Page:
“This is the so-called underworld rule. You have no choice.” the hero of Ronny Yu’s gothic fairytale The Bride White Hair (白髮魔女傳) is told, only to reflect “Yes, I do.” though the world will eventually prove him wrong. Tinged with handover anxiety, the film finds its star-crossed lovers longing to exercise their choice of exile, to be allowed to live quietly outside of the political turbulence that surrounds them. But in the end their love is not strong enough to overcome their difference and doubt becomes the ultimate act of emotional betrayal.
This is a tale that signals its tragedy from its inception. The Ching emperor is deathly ill and only a flower growing on a distant mountain that blossoms only once every 20 years can save him. “This flower is not for you” the emissaries are told by man who appears to be frozen in more ways than one, relating that he has waited 10 years for a woman who may have forgotten him. As a young man, Yi-hang (Leslie Cheung) was the roguish heir to the Wu Tang clan whose recklessness sometimes caused him to behave in unorthodox ways in the name of justice. The eight clans of Chung Yuan are beset on both sides, caught between the conflict of Ching and Ming while fearful of an “Evil Cult” that otherwise destabilises their icy grip over the local area.
It’s becoming clear to Yi-hang that he may not be on the right side. The people are oppressed and starving but their attempt to procure a little sustenance for themselves leads to a bloody raid with clan soldiers cutting down peasants until a mysterious woman in white (Brigitte Lin) arrives wielding a whip that can cut people in half. Interrupted by a tragic scene while napping in the forest, Yi-hang is immediately smitten with the female assassin whom he later realises is the same girl he saw as a child who saved him from wolves with the song of her flute.
The woman is an orphan taken in by the cult and trained up as an assassin. She has only a surname, Lien, and is then symbolically “reborn” when Yi-hang gives her her name, Ni-chang. Having fallen in love, the pair vow to leave the underworld together and live in the pastoral paradise of the watering hole where they first made love. “This underworld doesn’t belong to us, let them fight for it” Yi-hang insists, attempting to exercise his choice to escape a system he sees as corrupt before it strains his integrity but as he’ll discover he’s not as much choice as he thought.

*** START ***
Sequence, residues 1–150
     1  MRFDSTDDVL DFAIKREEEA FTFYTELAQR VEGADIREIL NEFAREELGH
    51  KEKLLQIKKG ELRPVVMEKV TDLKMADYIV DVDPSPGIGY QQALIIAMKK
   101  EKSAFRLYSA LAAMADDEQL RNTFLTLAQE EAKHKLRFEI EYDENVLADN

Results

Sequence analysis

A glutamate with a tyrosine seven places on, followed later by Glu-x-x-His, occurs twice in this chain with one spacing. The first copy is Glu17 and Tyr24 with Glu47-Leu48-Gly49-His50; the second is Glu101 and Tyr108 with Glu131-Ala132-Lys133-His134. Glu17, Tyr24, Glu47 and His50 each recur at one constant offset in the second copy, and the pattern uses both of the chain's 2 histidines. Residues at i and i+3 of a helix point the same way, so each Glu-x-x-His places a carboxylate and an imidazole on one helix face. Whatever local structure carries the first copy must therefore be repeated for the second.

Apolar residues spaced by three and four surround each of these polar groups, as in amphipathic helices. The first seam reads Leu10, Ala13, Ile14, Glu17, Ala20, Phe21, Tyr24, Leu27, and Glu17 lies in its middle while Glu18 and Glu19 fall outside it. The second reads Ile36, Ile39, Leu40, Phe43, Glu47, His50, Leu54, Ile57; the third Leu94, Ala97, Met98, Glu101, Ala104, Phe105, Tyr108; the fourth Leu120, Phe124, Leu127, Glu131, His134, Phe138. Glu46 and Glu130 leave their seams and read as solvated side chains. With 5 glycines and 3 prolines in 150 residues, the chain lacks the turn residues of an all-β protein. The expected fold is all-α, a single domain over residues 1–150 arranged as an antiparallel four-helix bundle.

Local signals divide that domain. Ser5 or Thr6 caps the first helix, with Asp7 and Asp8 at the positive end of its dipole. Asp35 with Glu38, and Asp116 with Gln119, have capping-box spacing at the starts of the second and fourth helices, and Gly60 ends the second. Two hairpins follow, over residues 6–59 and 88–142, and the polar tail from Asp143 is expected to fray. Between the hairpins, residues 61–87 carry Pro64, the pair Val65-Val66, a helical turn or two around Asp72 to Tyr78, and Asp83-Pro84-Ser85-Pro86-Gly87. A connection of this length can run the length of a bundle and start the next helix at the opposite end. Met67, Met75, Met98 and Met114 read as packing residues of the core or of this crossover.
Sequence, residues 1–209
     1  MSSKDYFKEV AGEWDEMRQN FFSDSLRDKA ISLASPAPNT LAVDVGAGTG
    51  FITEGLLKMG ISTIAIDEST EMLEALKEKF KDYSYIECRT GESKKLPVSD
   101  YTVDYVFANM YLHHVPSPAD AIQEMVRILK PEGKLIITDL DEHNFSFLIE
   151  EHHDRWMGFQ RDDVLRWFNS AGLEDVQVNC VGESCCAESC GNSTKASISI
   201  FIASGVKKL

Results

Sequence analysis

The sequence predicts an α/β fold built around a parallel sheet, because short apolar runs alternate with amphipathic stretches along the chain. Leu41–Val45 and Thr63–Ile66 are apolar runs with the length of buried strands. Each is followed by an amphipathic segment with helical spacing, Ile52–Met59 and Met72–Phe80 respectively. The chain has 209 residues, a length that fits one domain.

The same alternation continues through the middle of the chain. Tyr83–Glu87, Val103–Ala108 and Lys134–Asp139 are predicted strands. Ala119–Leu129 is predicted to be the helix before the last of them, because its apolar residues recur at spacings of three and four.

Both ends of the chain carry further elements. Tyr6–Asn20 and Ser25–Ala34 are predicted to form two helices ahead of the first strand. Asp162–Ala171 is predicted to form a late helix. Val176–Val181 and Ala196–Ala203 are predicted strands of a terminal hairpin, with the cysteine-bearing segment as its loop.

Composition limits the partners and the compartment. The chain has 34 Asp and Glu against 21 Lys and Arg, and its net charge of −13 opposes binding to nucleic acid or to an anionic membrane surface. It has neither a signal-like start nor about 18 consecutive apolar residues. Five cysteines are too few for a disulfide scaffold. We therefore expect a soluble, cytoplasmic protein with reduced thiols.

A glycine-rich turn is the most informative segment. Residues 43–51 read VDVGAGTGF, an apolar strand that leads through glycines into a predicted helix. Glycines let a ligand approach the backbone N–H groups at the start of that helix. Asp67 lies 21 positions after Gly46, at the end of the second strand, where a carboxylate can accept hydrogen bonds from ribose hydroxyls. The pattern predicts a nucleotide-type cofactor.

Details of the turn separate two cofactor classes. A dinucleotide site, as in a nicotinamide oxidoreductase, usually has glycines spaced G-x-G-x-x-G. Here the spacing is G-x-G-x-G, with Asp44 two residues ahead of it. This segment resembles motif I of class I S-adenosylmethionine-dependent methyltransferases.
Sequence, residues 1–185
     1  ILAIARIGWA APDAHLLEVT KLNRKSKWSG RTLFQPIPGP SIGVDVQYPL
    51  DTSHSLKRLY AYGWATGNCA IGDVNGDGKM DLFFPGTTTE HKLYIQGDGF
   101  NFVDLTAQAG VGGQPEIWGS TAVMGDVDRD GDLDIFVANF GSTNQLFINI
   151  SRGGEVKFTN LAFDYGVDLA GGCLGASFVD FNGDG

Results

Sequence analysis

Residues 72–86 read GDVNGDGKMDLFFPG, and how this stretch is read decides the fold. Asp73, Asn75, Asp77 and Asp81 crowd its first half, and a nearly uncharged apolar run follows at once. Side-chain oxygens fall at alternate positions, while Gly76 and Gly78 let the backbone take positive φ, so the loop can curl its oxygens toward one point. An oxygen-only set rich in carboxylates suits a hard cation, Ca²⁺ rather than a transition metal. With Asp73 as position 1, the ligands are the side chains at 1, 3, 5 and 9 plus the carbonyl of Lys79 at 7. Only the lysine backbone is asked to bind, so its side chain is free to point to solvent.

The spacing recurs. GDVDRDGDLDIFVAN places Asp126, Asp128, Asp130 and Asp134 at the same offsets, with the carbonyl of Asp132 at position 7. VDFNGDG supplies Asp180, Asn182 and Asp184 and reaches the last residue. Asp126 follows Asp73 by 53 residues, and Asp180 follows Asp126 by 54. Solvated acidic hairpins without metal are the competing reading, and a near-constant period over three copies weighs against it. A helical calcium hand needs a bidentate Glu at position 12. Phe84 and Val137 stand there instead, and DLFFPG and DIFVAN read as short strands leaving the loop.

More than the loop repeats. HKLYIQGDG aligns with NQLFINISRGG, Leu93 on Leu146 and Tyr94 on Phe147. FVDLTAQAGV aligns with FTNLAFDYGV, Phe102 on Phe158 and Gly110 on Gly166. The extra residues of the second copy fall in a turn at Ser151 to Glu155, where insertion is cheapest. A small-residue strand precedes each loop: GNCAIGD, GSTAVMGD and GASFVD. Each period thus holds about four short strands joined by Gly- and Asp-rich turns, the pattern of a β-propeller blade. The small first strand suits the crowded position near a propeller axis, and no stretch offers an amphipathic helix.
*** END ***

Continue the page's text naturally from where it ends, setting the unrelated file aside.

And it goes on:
In the shadow of the Handover, it might be tempting to read Lien and Yi-hang as ordinary people who just want to live quietly and resent the intrusion of politics into their lives, though they remain caught between two opposing powers with no neutral space for them to occupy. The same could be said of the cult’s leaders, a pair of crazed conjoined twins, one male one female, who are fused at the back in a potent symbol of duality. The twins were once members of the Wu Tang clan but were betrayed and exiled, driven mad by their banishment. At the film’s conclusion, Yi-hang symbolically frees the twins by splitting them apart but their separation leads only to their deaths. In the end, Yi-hang betrays his love because the underworld does not permit it to exist. He doubts Lien’s word and his rejection of her sparks her metamorphosis into the title’s Bride with White Hair, a vengeful spirit of hurt and rage now condemned to eternal wandering just as Yi-hang is condemned to life a waiting only to watch a flower wither and die knowing that he has damned himself.
Yu’s world of melancholy romanticism is typical of that of early ‘90s wuxia though carries a touch of the gothic not least in the Bride’s cobweb-like hair which eventually becomes her finest weapon. The pervading sense of longing seems to hint at a future act of imperfect union, tinged with volatile ambivalence but perhaps finally suggesting that this romance is doomed to failure because the corruption of the world into which Yi-hang, the authority, was born is simply too great to be conquered by the innocence of his love.
The Bride with White Hair screens screens at UltraStar Cinemas Mission Valley April 23 as part of this year’s San Diego Asian Film Festival Spring Showcase.
Trailer (English subtitles)